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Urine does not flow through the vagina. The presence of a tampon should not interfere with urination.

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2016-09-21 18:40:39
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Q: Can you urinate with a tampon inserted in your vaginal?
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What if it hurts to sit with a tampon in?

It most likely means that the tampon isn't inserted high enough.The first few inches of the vaginal opening is narrower than the rest of the vaginal opening, and when at rest the vaginal walls close in on themselves - if a tampon isn't inserted high enough it will be sitting closer to the vaginal opening so vaginal walls will push against the tampon, especially as you move.

How do you pee with a tampon in?

You would urinate as normal.Tampons go into the vaginal canal, whereas you urinate out of your urethra - thus tampons have no effect on your urinating. If you're using tampons with a string it's best to move the tampon string out of the way so it doesn't get wet as this can be uncomfortable and wondering around with a wet tampon string can make your genitals more warm/moist so more favourable to bacteria.

Do you pee from were the tampon goes?

No, you urinate from the urethra and a tampon goes into the vagina.Both the vaginal opening and the urethral opening are right next to each other within the vestibule of the vulva, but they are not the same hole and it is not possible to insert a tampon into the urethra. A person can urinate as normal when they are wearing a tampon.

When you try to put the tampon in why does it slide back out?

Your vaginal canal is a muscular tube, when you tighten the vaginal muscles it can push things out of the vagina. Once inserted correctly those same vaginal muscles help keep the tampon in place.

When you insert a tampon does it go past the muscle and right in with the string hanging out or sights on the muscle with the end of the tampon visible?

The tampon goes all the way into the vaginal canal - if that's what you mean by the muscle, as the vaginal canal is essentially a muscular tube. The whole tampon goes into the vagina and quite deep, it wouldn't even be near the vaginal opening once it is inserted so certainly wouldn't hang out. All that hangs out is the tampon string for easy removal, that is if you use a tampon with a string.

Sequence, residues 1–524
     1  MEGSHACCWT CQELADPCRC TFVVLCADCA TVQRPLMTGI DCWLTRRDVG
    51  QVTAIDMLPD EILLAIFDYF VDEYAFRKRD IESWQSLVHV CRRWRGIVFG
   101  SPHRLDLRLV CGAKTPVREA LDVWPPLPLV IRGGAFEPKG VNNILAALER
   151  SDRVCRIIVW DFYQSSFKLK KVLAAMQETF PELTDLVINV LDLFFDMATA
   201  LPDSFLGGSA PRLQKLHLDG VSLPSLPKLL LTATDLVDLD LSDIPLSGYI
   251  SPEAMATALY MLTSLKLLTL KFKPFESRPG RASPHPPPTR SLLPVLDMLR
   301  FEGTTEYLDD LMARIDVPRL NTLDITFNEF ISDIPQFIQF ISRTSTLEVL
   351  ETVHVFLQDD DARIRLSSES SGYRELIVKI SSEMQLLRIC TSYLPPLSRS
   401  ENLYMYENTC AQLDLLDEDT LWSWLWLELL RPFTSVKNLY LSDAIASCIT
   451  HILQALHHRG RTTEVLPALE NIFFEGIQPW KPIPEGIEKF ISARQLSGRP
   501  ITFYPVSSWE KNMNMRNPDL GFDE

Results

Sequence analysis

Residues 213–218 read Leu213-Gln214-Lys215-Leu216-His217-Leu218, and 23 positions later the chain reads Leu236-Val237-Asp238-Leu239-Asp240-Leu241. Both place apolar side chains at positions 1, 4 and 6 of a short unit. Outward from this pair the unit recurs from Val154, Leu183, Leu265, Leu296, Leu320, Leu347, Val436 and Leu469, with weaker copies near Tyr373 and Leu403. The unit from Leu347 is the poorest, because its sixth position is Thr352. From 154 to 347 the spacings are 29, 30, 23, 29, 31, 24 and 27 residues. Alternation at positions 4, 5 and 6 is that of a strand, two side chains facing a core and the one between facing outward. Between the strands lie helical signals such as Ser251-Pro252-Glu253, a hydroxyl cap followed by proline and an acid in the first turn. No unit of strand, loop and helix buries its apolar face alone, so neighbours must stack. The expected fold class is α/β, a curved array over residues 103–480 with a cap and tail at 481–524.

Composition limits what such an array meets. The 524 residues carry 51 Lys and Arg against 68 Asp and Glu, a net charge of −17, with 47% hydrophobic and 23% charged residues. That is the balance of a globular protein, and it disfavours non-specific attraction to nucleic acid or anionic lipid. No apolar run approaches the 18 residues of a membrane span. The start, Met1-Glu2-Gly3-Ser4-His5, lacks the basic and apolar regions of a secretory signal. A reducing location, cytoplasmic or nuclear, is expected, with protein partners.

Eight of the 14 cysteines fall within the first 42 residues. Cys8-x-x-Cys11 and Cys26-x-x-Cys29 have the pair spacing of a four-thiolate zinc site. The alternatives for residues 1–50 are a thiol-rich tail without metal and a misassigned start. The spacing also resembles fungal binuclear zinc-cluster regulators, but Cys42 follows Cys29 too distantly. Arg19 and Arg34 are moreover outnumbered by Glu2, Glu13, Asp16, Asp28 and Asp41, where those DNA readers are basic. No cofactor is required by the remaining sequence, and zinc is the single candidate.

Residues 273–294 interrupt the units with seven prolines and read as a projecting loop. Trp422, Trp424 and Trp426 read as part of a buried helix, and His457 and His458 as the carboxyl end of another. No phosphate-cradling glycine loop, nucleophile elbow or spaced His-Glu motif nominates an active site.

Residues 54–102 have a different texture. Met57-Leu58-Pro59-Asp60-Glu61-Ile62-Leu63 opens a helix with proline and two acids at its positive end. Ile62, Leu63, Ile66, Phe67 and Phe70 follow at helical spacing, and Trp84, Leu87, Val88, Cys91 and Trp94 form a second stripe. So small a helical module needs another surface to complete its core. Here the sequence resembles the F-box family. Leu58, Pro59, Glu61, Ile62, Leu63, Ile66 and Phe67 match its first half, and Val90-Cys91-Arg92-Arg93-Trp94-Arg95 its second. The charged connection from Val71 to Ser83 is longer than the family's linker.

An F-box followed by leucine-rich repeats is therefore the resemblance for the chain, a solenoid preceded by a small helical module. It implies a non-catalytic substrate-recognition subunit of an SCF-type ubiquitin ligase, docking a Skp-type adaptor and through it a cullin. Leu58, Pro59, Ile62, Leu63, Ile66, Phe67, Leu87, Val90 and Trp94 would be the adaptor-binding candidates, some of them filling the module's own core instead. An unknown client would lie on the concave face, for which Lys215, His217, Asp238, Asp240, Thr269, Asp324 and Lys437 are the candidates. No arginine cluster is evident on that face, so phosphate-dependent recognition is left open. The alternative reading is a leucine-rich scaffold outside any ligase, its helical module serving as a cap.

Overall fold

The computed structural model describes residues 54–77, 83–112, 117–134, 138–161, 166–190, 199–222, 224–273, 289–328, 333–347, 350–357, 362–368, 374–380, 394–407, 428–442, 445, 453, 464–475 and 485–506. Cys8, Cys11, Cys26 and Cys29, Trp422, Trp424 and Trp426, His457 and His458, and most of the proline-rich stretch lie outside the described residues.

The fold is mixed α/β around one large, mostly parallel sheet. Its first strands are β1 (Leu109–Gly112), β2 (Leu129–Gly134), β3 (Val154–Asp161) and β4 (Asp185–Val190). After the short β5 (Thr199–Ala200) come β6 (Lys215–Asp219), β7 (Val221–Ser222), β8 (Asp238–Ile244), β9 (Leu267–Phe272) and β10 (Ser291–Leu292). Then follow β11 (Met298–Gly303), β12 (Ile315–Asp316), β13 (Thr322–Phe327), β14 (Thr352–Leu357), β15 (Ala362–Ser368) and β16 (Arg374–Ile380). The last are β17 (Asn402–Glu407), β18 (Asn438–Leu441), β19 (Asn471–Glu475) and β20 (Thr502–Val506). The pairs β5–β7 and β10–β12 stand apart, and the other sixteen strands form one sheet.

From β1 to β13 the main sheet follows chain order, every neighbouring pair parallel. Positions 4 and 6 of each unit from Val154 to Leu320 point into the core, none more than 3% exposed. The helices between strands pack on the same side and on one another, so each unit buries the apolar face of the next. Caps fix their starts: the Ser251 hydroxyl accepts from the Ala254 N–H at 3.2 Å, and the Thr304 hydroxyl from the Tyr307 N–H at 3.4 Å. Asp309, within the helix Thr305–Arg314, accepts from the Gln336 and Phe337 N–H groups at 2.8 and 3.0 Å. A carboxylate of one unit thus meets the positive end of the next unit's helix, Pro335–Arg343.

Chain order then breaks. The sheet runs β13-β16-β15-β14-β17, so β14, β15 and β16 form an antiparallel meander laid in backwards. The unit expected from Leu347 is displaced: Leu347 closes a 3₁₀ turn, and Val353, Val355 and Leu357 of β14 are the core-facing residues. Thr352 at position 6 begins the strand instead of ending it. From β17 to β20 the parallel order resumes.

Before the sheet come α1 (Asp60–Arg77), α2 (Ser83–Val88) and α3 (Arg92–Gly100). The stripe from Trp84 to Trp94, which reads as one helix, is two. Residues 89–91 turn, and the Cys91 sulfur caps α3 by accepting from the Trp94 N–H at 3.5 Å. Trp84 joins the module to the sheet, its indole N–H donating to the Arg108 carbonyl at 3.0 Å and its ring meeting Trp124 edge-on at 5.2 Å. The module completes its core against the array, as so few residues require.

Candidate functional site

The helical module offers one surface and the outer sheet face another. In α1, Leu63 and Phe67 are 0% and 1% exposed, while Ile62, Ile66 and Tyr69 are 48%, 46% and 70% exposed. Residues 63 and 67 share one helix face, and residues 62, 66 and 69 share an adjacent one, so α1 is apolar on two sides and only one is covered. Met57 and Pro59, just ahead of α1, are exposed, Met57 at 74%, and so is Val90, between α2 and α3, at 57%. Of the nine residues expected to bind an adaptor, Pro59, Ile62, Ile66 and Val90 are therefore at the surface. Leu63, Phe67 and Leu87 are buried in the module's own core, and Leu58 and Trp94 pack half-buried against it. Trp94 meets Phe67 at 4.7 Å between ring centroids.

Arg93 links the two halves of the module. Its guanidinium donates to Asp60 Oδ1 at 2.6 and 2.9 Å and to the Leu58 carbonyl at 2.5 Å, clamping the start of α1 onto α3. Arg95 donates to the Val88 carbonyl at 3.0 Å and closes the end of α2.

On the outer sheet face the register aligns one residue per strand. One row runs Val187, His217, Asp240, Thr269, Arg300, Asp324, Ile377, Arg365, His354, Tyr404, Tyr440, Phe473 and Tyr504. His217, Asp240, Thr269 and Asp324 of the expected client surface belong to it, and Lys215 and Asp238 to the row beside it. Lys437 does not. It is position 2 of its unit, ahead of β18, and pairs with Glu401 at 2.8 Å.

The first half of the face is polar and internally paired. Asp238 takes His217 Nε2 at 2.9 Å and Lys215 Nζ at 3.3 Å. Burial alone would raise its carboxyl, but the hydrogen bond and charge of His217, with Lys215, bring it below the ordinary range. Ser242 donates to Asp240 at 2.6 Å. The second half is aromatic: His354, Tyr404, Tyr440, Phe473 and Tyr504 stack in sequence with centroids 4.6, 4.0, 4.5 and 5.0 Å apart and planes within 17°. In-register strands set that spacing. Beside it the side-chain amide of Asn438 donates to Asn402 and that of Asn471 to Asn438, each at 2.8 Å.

Why would a tampon feel uncomfortable after you unspread your legs?

If you can feel the tampon of feel uncomfortable once you have closed your legs then the likelihood is that the tampon isn't inserted high enough. The first few inches of your vaginal canal are narrower than further-up in the vagina, if not inserted far enough the tampon will sit in this area and as the vaginal muscles push together they would push against the tampon. This area also has more nerve endings so even if there is no discomfort you are still more likely to feel the tampon if it's here.

How do you know if you have a tampon in?

You know that you have a tampon in because you physically inserted that tampon! If you think that you've forgotten about a tampon being inserted then you insert your fingers vaginally to check if there is still a tampon there. If you've left a tampon for too long then use pads for the rest of your cycles and watch for symptoms of vaginal infections like bad-smelling excessive discharge.

How far into a woman does a tampon go?

A tampon is inserted a few inches into the vaginal canal - as far as it can be pushed. Tampons don't sit as high as other options like menstrual cups or softcups.

Why does it feel like something is blocking the way of my tampon?

It may be that there is something blocking the tampon, likely your cervix or vaginal wall. Tampons need to be inserted towards the small of your back because your vaginal canal is curved so if you insert straight up you would be inserting the tampon into a vaginal wall, thus will go no further. You need to stay relaxed because if you're tense vaginal muscles tense causing the vaginal walls to clench together, thus the vaginal canal is narrower so harder for the tampon to move through. If you have a shorter vaginal canal your cervix may be sitting low so getting in the way of the tampon. Feel inside your vagina to get an idea of what is blocking the tampon.

When you sit after applying a tampon does it hurt?

It shouldn't hurt at all when you are wearing a tampon, if it does something is wrong.If it hurts when you sit down it is likely that you have not inserted the tampon far enough, thus as you sit down the vaginal muscles push against the tampon lower down in the vaginal canal. This is common when first using tampons or if you use applicators, next time try non-applicator and push further.

What should you do if you have the urge to pee all the time possibly because you left a tampon in for too long?

A feeling of needing to urinate more frequently has nothing to do with leaving a tampon in your vagina - leaving a tampon in too long can cause vaginal infections, but not urethral infections. If you suspect that you have left a tampon in feel around the vaginal canal to check, if still unsure you need to see your doctor for them to check. If you suspect you have a urinary tract infection (which would explain your needing to urinate more frequently) then you need to see your doctor for this too.

What happens if you forget about an inserted tampon?

Tampons encourage bacterial growth while preventing vaginal cleaning - the longer you leave tampons the higher the risk of TSS and vaginal infections. Remove the tampon and switch to pads, watch over the next few days for symptoms of TSS and vaginal infections - if you see symptoms go to your doctor.

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